The price on a 2008 Gulfstream G550 registered to Gulf States Toyota, a Houston car dealership, has dropped $750,000 to $24.95m in about six months, according to the plane broker Mesinger Jet Sales.
The average value of a used jet currently falls about 8 per cent to 10 per cent a year, compared with a 3 per cent to 4 per cent drop before the market slumped, says Jay Mesinger, who is based in Colorado. The steeper decline may last for years, he says. "This is going to take a while to correct itself."
Prices have dropped most sharply for older models, says Neil Book, the chief executive of JSSI, which manages 1,800 corporate, commercial and private jets. A Gulfstream GV – one of the largest, longest-range corporate jets – fetches about $10m now, down from $18m two years ago, he says.
Bombardier has been the biggest culprit for the drag on prices, analysts and consultants say. The Montreal company overproduced business jets last year and has been discounting heavily to raise cash as its grapples with a C Series commercial-jet programme that is over budget and behind schedule, according to Rolland Vincent, an aerospace consultant in Texas.
"There are some shark-infested waters in that large-cabin space around the $30m to $40m list price," says Mr Vincent, a former executive at Bombardier and the Cessna business-jet arm of Textron. "It’s very aggressive right now, and Bombardier has been leading the aggression."
Bombardier jet prices have been helped by the company’s decision to cut output of large-cabin planes last year, says the spokeswoman Anna Cristofaro. She declines to comment on production rates. Mr Vincent estimates the company will produce about 50 Global jets, down from 80 last year.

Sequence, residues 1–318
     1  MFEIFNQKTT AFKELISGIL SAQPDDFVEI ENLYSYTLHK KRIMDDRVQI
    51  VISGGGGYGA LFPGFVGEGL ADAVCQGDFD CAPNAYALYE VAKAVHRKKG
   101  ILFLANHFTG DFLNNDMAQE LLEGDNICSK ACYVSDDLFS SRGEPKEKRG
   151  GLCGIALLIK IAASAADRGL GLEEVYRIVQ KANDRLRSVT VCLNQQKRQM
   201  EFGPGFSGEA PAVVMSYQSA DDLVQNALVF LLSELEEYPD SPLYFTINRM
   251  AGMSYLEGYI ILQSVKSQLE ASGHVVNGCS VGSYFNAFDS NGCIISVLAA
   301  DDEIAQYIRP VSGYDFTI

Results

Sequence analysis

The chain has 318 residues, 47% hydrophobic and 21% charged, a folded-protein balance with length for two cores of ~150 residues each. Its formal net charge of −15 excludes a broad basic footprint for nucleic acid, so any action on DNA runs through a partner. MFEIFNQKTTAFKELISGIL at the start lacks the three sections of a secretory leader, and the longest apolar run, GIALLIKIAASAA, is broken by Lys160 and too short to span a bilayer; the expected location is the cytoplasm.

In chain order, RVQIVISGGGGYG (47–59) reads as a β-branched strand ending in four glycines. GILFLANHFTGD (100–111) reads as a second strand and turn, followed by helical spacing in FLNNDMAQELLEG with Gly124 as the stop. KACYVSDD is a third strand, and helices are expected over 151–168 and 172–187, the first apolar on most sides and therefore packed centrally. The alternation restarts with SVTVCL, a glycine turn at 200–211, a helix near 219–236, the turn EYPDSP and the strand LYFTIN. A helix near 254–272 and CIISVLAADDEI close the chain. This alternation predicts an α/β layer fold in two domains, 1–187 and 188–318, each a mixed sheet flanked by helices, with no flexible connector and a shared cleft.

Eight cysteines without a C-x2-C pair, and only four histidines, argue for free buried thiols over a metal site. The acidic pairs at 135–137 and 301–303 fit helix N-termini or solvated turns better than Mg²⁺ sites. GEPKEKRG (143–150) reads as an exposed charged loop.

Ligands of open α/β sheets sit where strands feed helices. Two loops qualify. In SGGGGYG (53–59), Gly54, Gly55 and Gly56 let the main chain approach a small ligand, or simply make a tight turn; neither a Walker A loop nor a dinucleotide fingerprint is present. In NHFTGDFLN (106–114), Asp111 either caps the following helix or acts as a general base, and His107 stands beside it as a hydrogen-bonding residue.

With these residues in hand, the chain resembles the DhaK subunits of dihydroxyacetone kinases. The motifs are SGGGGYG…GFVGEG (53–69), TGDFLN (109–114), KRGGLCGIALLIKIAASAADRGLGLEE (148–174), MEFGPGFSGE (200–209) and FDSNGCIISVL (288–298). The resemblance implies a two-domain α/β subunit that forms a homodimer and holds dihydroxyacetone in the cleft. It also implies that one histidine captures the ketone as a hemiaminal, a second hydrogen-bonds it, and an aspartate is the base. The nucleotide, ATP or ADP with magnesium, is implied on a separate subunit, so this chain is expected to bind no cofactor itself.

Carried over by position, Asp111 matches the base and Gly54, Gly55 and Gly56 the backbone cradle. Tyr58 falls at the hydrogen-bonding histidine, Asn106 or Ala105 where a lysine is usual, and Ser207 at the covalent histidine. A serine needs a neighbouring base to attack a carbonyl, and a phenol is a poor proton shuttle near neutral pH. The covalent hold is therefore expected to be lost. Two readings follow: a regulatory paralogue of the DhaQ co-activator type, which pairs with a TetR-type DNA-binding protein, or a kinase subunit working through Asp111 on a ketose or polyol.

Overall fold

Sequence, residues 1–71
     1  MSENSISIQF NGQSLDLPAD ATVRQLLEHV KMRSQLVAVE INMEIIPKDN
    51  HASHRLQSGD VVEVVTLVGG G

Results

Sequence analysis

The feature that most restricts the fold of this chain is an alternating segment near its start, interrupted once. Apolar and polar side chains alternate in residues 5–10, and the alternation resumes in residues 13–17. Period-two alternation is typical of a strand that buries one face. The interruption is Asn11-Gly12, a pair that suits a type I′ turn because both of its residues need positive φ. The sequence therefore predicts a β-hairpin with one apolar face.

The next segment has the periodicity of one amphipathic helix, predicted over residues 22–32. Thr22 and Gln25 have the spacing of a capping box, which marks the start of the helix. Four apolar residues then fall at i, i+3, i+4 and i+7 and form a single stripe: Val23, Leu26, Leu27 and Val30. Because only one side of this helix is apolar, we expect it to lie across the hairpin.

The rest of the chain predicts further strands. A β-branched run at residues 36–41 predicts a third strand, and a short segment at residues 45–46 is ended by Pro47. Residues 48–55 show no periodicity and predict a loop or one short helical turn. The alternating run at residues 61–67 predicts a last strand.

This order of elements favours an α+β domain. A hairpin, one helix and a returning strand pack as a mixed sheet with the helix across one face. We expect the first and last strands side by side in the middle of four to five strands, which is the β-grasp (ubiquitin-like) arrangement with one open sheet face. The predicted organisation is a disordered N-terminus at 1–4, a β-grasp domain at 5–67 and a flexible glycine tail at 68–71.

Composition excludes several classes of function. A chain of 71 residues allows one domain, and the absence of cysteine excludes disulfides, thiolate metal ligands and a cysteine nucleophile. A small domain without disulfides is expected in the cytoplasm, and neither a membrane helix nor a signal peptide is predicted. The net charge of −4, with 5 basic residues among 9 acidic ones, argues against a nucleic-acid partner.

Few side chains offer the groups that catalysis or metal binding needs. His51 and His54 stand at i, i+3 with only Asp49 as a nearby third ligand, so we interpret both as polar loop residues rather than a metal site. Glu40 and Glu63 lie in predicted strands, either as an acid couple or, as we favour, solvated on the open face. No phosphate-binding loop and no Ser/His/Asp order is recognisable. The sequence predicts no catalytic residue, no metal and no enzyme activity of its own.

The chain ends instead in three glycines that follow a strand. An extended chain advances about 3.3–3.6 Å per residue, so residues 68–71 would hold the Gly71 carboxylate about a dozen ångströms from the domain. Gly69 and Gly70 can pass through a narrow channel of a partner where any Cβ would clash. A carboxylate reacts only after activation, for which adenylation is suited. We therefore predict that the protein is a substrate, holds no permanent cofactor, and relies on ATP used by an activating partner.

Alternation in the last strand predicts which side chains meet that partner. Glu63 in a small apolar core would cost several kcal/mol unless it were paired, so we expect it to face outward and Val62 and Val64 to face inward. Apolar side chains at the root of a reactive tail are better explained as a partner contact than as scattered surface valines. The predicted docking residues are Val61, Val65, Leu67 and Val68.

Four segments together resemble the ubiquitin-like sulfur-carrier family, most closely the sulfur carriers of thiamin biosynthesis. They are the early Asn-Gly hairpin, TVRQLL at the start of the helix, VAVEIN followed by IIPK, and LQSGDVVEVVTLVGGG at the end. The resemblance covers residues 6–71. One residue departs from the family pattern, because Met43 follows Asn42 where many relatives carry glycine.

With the large price gap between new planes and late-model preowned jets, it makes less sense for buyers to purchase aircraft straight from the factory, says Ms Iannarelli. That may put pressure on original-equipment manufacturers (OEMs)to discount further.
"The OEMs are eating their young," she says. "People are waiting on the sidelines wondering when the next price cut is coming."
Not all is gloomy, however.
The Brazilian plane maker Embraer on Monday sold 23 business jets with a list value of $260m to an expanding Mexican charter operator, which has an option to double the order.
Servicios Aereos Across has begun to take deliveries for the first aircraft in its firm order, which includes eight Legacy 500, eight Phenom 300 and seven Phenom 100E aircraft. The deal was included in first-quarter backlog, Embraer said on Monday during the European Business Aviation Convention and Exhibition in Geneva.
Across, which operates out of Toluca International Airport near Mexico City, plans to use the Embraer jets to replace its fleet of mostly Textron Cessna planes, says the chief executive Pedro Corsi. A pilot who is certified to fly the Legacy 500, Mr Corsi called the Embraer jet a "work of art that flies".
"The customers are very happy with the larger cabins and performance," he says. "We are very happy with the operating costs, which are very low."
Mexico has the world’s second-largest fleet of private jets after the United States. Last year, Across’ charter flights jumped 50 per cent to 9,000 hours, Mr Corsi says. About 60 per cent of the charter operator’s business is within Mexico, 30 per cent to the US and 10 per cent to South and Central America, he says.
Mr Corsi, who founded Across in 2009, says his company often receives requests to fly large groups and is contemplating purchasing an Embraer Lineage 1000. That is a converted commercial airliner that is big enough to accommodate a bedroom, shower and other amenities.